Entering the 2013 season, one would think that Frye’s mind would have been set on defending his 300 hurdles crown and aiming for the championship at 110 that eluded him.
That wasn’t how Frye approached the season.
“I never really liked the 110s, to tell you the truth,” he said. “I don’t like the fact that they are high, and it’s like they keep going up. My trail leg always hits it, and I’m always getting cut up.
“I just had my mind set on (winning state in the) 300 hurdles. But, once I set the school record in the 110s (in the Region 4AAAAAA championships) at McEachern, I thought that I could potentially win state in both events.”
The senior broke Campbell’s school records in both distances at the region meet, setting personal bests of 13.81 at 110 and 36.54 at 300.
“Once I did that, I put my mind to it and got it done,” Frye said. “I didn’t go into the season trying to win two state titles.”
Ultimately, Frye did win both hurdles championships — claiming the 110 in 14.46 and the 300 in 38.74 — and is the 2012-13 Marietta Daily Journal/Cobb County Boys Track and Field Athlete of the Year.
In claiming his two titles, Frye recorded the best-performance marks in his events among all classifications, and he was the second-highest individual point scorer among all Class AAAAAA athletes.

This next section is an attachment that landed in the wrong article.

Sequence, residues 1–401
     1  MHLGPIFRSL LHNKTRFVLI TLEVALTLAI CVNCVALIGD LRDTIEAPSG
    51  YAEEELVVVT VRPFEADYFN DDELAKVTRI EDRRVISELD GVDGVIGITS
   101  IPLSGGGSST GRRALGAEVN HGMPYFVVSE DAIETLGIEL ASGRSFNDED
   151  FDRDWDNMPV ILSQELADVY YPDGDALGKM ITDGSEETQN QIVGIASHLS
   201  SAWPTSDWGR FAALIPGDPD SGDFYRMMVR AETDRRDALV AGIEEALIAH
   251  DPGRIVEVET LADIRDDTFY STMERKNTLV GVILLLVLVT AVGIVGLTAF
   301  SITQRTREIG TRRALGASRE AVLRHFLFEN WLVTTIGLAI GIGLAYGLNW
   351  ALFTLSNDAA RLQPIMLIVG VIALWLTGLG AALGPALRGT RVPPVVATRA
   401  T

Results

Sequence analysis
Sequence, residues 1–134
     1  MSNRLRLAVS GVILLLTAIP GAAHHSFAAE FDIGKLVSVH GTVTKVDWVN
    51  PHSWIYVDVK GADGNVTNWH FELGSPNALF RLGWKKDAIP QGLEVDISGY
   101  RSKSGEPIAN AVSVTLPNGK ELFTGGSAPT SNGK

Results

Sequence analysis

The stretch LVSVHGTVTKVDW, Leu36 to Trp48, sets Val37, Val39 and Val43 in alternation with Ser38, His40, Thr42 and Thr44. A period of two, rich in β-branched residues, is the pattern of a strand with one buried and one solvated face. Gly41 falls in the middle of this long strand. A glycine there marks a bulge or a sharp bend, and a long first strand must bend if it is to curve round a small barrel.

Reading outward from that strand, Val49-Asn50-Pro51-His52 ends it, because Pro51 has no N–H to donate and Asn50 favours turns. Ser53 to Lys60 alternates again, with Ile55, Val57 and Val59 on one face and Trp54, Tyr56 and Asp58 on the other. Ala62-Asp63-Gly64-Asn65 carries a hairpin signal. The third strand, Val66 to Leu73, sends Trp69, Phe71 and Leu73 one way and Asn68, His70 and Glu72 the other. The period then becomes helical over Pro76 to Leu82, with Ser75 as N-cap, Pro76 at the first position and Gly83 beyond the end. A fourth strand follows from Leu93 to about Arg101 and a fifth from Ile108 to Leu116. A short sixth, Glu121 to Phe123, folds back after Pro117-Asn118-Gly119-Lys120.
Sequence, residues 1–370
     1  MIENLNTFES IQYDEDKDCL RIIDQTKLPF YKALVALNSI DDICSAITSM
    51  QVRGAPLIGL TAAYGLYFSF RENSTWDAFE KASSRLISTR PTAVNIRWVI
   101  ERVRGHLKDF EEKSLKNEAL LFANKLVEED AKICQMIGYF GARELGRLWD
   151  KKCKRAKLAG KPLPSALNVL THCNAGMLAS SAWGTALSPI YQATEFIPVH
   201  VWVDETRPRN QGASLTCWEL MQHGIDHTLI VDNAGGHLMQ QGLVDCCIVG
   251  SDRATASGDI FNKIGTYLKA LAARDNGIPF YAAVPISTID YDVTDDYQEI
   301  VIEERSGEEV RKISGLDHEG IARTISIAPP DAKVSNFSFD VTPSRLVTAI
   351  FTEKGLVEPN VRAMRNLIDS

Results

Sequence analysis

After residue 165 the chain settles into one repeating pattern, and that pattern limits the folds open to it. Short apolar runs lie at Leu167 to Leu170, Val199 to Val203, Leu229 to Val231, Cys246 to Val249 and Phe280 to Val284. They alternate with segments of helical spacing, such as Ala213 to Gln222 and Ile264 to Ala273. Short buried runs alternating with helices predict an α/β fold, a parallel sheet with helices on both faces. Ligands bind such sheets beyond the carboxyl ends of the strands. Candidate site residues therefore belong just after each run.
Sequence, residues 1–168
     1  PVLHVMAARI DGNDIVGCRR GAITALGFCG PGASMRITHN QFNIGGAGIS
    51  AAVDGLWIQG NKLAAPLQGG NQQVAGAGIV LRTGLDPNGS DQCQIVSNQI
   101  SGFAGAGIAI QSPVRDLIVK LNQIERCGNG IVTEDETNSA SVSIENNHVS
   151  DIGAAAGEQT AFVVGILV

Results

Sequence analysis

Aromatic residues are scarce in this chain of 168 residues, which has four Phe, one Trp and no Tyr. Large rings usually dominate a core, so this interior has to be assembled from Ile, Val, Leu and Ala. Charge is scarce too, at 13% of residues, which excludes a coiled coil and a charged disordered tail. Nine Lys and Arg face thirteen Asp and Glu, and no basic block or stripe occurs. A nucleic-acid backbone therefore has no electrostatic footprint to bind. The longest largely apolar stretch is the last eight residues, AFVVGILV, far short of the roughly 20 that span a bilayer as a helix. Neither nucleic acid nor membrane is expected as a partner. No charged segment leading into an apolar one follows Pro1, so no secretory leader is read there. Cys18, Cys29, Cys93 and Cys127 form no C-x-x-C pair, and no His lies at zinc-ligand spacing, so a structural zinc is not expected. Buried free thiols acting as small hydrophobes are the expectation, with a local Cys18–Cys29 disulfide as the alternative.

Frye’s contributions gave him enough state meet points to earn the Morris M. Bryan Memorial Trophy, which is awarded to the most outstanding performer over all classifications of boys state championships.
“I’m surprised by all of the attention,” Frye said. “It’s overwhelming. I’ve never had all of this before. I’m still getting adjusted to it, but it feels good.
“I’ve never gotten this much recognition before in my sport, so it feels really good to come back and represent my school and do the great things that I knew I could all along.”
Frye’s hurdling career began at a young age, when he ran the 400 dash for the Marietta-based First Light Track Club.
“My club coach, Tony Dunne, got me running the hurdles,” Frye said. “I was at First Light and I was always a 400 guy. He said I was going to run hurdles. At my first meet, I didn’t do too well in the 110s, but in the 400 hurdles, I surprised everybody, even myself, and I always did well on those from there.”
The Norfolk State signee has plans to continue his career and ultimately has aspirations on making the U.S. Olympic team for 2016.
“I feel like I can there if I get pushed enough and get the training I need,” he said. “I feel more comfortable in the 400 hurdles than the 110s.”
Although Frye didn’t set out to win two state titles and receive all his various other accolades, he’s happy to have gone through the year and achieve all that he did.
“It was a good experience to go through this season,” he said. “I still have to work on some key things, like bringing my trail leg around and snapping it down to get over the hurdles quicker, but, overall, it’s been a pretty good run. I like the performances I’ve done throughout the year.”